Snout length/head length ratio 55.5–65.3%; head-eye
length/snout length 53.9–72.1% in specimens
greater than 60 mm SL; dark spots on fins relatively
small, forming 6–9 irregular bands on the caudal
fin and 7–9 spots along the pectoral-fin spine.
Typical Ancistrus shape with both sexes sporting
bristles to the head area with the male having the
larger and more impressive tentacles. Aquarium
Care: Quite an easy species to keep as long
as there is adequate aeration in the aquarium and
giving them a choice of pipes, stones or rockwork.
Reproduction: The female lays her
eggs in caves or crevices... that the male has chosen
and cleaned.... as a cluster. The male usually then
guards the eggs after ejecting the female. The fry
then cling to the sides of the cave and when they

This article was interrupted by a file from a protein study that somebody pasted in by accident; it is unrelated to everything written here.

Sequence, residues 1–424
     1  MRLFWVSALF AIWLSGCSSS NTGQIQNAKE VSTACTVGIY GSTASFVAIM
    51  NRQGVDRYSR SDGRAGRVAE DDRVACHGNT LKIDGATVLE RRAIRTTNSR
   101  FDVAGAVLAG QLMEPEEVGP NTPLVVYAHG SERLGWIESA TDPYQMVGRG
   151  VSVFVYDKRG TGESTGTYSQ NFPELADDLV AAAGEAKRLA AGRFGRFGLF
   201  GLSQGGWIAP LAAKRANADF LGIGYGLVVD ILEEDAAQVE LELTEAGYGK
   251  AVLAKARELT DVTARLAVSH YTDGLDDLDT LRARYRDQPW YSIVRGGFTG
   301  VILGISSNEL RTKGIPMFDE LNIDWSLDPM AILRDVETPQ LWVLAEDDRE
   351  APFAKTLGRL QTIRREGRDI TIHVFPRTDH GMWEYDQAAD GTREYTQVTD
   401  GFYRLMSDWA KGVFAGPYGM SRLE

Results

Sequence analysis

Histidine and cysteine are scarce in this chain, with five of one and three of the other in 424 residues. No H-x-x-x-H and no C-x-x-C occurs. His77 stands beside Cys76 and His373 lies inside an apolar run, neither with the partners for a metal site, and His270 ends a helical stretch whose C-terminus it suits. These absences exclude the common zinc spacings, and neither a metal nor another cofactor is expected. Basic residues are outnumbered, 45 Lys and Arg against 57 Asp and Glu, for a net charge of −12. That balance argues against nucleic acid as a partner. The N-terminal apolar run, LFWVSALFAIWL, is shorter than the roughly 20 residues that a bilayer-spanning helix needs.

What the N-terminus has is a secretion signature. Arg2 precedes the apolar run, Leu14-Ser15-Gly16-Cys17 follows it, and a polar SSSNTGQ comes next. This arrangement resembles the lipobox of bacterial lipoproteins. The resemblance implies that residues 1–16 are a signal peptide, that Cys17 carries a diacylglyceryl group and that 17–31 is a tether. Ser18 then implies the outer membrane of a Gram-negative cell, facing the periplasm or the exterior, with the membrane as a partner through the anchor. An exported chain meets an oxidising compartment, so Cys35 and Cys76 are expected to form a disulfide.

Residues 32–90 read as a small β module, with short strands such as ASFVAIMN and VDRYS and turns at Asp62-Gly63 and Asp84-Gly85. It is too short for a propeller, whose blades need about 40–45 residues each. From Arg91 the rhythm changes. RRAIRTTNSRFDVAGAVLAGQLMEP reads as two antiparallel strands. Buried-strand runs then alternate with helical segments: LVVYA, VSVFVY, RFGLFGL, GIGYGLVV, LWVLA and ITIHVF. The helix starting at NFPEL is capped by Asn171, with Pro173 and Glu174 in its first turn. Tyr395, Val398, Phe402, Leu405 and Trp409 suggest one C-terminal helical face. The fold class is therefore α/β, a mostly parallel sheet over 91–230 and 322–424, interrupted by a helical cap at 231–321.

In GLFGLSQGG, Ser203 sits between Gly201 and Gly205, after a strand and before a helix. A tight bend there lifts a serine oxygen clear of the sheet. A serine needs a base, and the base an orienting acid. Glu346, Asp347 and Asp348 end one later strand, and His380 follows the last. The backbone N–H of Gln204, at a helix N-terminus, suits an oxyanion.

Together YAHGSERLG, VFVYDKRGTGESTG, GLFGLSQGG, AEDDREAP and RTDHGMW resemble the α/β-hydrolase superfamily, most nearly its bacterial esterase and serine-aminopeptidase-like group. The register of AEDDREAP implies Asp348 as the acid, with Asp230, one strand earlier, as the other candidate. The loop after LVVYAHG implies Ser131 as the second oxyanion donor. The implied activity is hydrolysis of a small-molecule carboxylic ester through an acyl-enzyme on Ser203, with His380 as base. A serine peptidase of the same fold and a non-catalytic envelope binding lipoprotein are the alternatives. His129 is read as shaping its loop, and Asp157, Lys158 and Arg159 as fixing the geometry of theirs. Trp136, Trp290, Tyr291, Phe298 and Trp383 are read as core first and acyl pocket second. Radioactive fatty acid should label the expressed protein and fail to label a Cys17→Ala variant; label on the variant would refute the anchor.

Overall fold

use up their yolk sac, which is around the four to
seven day period, they will be ready to feed on infusuria,
vegetable matter, brine shrimp naupli or micro worms.
In a community tank a few will survive if enough hiding
places are afforded to them. Etymology:
The specific name martini: In honour of geologist
Bethea Martin, Lago Petroleum Corporation, who aided
Schultz in the collection of fishes in Venezuela.
Ancistrus triradiatus martini
Zulia River basin in the Catatumbo River drainage,
Lake Maracaibo drainage, Venezuela. Type
locality: Río Táchira, 7 km.
north of San Antonio, Catatumbo system; Venezuela.